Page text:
Second lower Molar

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The second Lower Molar is the largest tooth on the mandible (crown width 11 mm, root length 14 mm, tooth length 21.5 mm). It is a pillar class I tooth according to Voldrich. The first lower molar is mesiodistally elongated, the shape is given by the bumps of the masticatory plate.

The buccal surface of the dental crown: has the shape of a mesiodistally elongated trapezoid. It is very convex, the central bump protruding buccally. The fissure between the mesiobuccal and median tubercle is deep to the buccal plate, where it often ends in a blind hole (foramen caecum). It separates the mesial and distal parts of the buccal plate. The buccal area is larger and higher than the lingual area and is tapered towards the neck of the tooth.

Lingual surface
convex and shorter than the buccal surface.
Mesial approximal
the surface is flat. It tends to be higher than the distal surface.
Distal approximal surface
is convex.
Occlusal surface
has a five-pronged arrangement. The interdistally running fissure divides the masticatory surface into two unequal parts - the lingual part has two bumps, the buccal part three. The lingual bumps are equal in size, unlike the buccal bumps, where the largest bump is interbuccal.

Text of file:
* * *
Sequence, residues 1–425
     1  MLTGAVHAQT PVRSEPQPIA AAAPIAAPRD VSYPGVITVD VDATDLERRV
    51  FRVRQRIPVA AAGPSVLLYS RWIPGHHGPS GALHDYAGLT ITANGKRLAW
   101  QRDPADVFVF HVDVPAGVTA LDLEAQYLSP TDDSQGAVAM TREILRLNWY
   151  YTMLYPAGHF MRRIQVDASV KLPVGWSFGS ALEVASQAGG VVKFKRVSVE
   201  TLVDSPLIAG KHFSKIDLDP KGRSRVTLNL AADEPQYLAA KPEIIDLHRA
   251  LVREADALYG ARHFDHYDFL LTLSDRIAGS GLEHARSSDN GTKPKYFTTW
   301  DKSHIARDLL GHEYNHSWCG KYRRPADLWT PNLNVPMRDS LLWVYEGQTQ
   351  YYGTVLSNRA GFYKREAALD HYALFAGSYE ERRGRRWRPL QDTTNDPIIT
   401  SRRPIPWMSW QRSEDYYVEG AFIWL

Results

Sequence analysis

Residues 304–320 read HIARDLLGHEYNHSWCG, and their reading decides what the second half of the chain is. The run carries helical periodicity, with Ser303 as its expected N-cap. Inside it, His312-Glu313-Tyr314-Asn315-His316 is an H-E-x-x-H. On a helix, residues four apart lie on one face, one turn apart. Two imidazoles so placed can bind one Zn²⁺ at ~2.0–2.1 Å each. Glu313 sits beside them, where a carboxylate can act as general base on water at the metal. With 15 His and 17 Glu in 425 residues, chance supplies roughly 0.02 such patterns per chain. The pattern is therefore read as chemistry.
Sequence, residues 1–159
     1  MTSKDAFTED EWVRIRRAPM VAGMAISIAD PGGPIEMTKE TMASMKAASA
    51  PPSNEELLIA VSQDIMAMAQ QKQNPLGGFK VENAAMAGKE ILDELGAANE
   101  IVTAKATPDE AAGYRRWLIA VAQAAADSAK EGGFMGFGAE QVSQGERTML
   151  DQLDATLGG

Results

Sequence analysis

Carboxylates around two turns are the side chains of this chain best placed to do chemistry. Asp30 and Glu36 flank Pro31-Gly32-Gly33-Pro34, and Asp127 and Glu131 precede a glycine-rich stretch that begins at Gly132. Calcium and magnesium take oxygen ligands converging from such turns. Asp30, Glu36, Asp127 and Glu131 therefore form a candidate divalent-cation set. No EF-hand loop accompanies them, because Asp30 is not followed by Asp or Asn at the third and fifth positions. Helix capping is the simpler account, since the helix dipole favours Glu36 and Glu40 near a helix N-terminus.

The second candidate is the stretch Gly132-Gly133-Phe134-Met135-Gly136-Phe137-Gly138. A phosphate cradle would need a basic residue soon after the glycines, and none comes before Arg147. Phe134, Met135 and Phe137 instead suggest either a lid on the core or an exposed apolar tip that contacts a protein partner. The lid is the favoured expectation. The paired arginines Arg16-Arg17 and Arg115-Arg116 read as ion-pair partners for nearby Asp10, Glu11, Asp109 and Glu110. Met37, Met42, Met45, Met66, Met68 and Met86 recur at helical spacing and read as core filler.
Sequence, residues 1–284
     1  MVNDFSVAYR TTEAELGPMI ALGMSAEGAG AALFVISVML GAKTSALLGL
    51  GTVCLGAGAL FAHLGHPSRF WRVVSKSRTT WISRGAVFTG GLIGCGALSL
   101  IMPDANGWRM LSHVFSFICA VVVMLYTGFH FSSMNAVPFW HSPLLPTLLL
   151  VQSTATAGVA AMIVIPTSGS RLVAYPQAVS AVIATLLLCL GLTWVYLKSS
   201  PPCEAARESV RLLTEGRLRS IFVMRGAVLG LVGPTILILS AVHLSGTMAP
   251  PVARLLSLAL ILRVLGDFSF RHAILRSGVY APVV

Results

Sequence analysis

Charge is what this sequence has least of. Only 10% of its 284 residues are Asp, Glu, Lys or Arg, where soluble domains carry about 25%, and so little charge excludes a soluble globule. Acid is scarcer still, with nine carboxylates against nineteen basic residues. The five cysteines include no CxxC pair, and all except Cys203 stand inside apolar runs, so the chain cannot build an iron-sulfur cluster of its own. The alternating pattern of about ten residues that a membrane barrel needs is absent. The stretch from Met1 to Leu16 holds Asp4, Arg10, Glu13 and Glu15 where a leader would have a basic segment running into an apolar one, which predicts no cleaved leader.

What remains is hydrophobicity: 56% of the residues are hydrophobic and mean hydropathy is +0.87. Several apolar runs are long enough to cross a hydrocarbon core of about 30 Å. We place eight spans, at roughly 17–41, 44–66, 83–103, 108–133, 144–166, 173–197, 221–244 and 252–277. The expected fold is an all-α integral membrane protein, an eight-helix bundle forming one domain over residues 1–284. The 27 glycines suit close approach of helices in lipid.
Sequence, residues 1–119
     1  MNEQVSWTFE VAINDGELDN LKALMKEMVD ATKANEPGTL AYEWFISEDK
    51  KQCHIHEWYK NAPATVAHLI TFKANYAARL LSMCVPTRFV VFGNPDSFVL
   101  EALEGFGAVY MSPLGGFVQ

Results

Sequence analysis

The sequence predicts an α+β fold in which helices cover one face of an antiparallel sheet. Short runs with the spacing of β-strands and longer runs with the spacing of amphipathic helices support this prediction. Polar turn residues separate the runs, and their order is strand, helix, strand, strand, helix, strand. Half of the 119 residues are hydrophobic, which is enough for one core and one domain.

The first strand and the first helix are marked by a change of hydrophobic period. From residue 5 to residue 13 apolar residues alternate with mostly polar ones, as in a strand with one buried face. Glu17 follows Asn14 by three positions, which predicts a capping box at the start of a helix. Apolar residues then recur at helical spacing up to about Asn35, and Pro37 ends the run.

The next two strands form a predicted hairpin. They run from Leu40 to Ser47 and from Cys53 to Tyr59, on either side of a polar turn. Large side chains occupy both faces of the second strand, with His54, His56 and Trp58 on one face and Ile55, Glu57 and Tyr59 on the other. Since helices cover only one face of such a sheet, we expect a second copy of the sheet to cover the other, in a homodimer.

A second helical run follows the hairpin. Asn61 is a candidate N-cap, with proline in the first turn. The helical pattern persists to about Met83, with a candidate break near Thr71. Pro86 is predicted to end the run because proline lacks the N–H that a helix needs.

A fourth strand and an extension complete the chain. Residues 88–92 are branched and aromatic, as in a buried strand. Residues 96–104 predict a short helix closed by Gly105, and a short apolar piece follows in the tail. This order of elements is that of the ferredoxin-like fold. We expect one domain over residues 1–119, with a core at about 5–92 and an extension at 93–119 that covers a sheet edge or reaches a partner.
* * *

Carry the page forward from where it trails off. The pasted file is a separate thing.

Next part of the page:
there are two and they are placed in the dental arch one mesially and the other distally. They tend to be massive, the mesial being broader, the mesiodistal being sheathed. They slope distally.
Gingival cavity
has a cylindrical shape. It is extensive. It projects into three root canals.

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References used[edit | edit source]

  • JANSOVÁ, K and M EBER. Preclinical dentistry : part I - morphological. 2nd edition. Olomouc : Palacký University, 1996. 72 p. ISBN 80-7067-596-9.
  • ČIHÁK, Radomír and Miloš GRIM. Anatomy. 2nd edition. Prague : Grada Publishing, 2002. 470 p. vol. 2. ISBN 80-247-0143-X.